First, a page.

We always do the Visitor Center first--I mean, of COURSE--so that the kids can pick up their Junior Ranger books but also because it's really the best way to orient yourself, especially at a battlefield. After you tour the museum and see the orientation film, by the time you get out to those blank fields with cannons at the edges, you should know what you're looking at.
In other news, look who I finally taught not to write on top of the exhibits!
As someone with a Master's in Library Science, with an emphasis on Special Collections, who used to work as a gatekeeper at a special collections library with one of my main tasks making sure that people did not write on top of the exhibits, it's probably about time...
If you've toured the museum, and watched the orientation film, and you have an audio tour at hand, NOW you may go see the battlefields!
At the end of our trip, I asked the kids which national park had been their favorite, as we had visited several. Will told me that this battlefield was her favorite, which surprised me, as both kids LOVED Fort Pulaski, which you'll see later. But it turns out that it was this part of this battlefield that was her true favorite. This is the Slaughter Pen, and it's fabulous to romp around in, and has a fascinating and very bloody story behind it.
Battlefield touring can get a little annoying, as you're always popping in and out of the car, but the terrain of Stones River is so varied--woods, boulders, fields, old cabins, the river--that there was always something that the kids wanted to see.
That kid spends much of her time at battlefields pretending to shoot people. We had just learned, though, that at this particular site many of the Confederates had charged with actual sticks in their hands in lieu of real weapons, so at least she's being historically accurate.
William Holland's story is especially interesting. We might not have noticed his memorial, there in an out-of-the-way spot behind a larger memorial, but the kids' Junior Ranger books had an entire page on him and so they directed us there.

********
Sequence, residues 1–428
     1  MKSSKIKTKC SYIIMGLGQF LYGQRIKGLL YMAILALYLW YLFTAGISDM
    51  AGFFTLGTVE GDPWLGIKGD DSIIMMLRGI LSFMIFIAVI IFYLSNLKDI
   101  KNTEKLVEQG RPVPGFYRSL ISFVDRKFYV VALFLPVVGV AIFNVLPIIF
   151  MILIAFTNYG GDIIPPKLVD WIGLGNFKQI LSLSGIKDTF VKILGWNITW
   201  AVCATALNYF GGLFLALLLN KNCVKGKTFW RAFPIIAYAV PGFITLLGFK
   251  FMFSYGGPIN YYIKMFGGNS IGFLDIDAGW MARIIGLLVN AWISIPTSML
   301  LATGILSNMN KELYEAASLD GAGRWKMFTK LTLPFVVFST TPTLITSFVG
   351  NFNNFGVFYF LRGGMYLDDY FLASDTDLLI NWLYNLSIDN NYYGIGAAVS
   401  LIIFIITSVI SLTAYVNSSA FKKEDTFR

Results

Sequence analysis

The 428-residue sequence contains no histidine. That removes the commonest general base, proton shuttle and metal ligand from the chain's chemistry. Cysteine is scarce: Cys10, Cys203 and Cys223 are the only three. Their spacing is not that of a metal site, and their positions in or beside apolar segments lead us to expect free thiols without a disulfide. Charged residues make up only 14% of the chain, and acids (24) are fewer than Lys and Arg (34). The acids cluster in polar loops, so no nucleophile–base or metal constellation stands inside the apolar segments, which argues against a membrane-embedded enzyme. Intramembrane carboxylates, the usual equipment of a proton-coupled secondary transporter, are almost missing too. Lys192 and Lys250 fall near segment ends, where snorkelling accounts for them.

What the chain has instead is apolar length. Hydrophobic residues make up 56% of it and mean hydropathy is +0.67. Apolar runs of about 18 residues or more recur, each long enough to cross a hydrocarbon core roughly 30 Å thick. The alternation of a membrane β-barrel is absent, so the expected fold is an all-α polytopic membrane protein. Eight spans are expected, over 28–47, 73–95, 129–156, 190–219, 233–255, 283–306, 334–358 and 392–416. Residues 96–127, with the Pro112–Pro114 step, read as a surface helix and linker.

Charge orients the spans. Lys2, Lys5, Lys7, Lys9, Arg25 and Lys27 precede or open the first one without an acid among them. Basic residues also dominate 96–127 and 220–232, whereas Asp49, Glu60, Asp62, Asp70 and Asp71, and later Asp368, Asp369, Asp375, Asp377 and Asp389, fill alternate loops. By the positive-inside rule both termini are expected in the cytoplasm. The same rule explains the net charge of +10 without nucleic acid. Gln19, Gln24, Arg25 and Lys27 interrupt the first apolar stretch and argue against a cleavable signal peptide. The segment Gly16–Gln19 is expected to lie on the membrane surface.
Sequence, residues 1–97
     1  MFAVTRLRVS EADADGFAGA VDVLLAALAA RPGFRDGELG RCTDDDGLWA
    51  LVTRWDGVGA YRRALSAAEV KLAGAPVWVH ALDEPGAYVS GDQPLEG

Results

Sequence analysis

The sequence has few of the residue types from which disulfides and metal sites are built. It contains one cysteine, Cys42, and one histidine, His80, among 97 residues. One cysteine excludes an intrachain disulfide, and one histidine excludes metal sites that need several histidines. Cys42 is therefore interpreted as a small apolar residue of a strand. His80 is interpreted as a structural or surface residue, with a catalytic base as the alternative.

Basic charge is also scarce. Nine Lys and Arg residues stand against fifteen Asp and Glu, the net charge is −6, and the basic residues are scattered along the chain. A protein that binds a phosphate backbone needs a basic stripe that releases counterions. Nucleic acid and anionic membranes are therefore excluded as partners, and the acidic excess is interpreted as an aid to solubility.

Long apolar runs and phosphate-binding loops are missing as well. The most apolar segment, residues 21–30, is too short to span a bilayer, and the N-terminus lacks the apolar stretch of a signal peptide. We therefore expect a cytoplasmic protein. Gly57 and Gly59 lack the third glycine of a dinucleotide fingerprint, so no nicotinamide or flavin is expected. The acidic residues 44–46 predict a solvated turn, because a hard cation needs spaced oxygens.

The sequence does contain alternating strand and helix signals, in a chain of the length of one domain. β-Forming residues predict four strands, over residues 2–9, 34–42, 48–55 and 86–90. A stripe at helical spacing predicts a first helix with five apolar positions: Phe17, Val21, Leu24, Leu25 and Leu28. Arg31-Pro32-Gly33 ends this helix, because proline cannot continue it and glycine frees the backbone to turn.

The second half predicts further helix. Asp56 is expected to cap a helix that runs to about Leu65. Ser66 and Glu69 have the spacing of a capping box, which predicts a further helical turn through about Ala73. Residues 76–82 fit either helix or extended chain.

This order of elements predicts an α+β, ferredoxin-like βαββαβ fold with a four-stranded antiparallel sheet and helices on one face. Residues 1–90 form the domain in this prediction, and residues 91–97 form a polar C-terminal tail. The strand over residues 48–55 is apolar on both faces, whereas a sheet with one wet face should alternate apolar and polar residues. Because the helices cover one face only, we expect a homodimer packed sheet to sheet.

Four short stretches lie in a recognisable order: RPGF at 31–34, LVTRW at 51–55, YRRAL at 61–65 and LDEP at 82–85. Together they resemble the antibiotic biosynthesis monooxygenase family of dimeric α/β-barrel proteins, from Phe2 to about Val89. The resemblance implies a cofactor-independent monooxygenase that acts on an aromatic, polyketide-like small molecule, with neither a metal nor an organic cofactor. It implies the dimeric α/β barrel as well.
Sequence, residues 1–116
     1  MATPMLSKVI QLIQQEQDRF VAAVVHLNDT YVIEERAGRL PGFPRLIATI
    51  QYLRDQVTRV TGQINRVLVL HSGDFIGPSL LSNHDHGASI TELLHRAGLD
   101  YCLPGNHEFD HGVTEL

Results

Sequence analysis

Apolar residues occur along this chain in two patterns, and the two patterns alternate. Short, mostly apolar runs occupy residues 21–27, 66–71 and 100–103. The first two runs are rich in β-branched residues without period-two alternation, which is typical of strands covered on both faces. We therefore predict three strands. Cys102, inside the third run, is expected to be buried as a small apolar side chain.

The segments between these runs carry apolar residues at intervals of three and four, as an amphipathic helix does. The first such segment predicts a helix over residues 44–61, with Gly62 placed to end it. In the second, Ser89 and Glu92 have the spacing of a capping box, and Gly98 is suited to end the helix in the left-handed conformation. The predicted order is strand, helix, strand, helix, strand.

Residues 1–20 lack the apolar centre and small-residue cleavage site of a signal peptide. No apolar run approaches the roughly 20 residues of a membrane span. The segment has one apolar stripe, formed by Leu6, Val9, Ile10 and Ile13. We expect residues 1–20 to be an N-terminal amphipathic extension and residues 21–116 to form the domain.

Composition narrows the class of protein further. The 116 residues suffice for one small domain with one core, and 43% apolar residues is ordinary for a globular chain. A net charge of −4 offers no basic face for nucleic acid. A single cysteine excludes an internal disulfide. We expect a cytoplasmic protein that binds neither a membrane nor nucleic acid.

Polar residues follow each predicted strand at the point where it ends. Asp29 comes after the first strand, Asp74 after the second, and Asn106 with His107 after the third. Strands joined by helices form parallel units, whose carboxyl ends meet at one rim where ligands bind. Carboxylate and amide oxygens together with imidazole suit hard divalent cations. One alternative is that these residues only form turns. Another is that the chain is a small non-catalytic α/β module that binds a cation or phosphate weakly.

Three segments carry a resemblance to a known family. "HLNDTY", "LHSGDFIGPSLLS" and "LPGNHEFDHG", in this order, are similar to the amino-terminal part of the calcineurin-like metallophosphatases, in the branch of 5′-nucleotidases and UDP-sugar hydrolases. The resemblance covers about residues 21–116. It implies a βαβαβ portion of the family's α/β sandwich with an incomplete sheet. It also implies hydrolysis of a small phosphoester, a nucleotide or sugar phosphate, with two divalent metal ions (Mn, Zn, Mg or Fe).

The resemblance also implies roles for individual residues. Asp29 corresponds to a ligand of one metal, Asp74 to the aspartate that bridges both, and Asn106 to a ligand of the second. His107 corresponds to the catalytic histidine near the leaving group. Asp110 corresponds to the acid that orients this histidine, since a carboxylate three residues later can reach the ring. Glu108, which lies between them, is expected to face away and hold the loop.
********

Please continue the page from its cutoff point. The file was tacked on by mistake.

Can you see something unusual in the following picture?
I didn't, but Will spotted it soon after:
Check it out!
On the back, the artist wrote that the finder was free to keep it or rehide it. Will REALLY wanted to keep it, so we agreed that when we were home, she'd replace it by painting her own rock and hiding it in a park for someone to find.
The battlefield also has a national cemetery. Many national cemeteries are very sterile, but this one was great, with tons of character and markers that made you wonder about those memorialized:
There's a huge section of the cemetery devoted to soldiers in the United States Colored Troops.
After that, two little girls were certainly well prepared to become Stones River National Battlefield Junior Rangers!
And then we were on our way to Atlanta! We got snookered into stopping in Chattanooga for fancy cupcakes (worth it) and a Moonpie store (not worth it), and then got confused about what time it was (Central Time, then Eastern, then Central, then Eastern again!!!) so that we only arrived at Chickamauga 15 minutes before it closed, the cranky ranger informed us. He begrudgingly gave the kids Junior Ranger books to work on until we came back through, and when I told him they would work on them in the car some, he told me that there was nothing they could do outside of the park (which is untrue--over a third of the book doesn't require any outside information to complete), and yet somehow he neglected to inform me that we could also just drive twenty minutes back the way we came from and be back in Tennessee, where we would have an extra hour of Central time to work on the books.
See? He even made me cranky, and on my own vacation!
Whatever, Cranky Ranger! We're going to Atlanta next, and it's going to be awesome!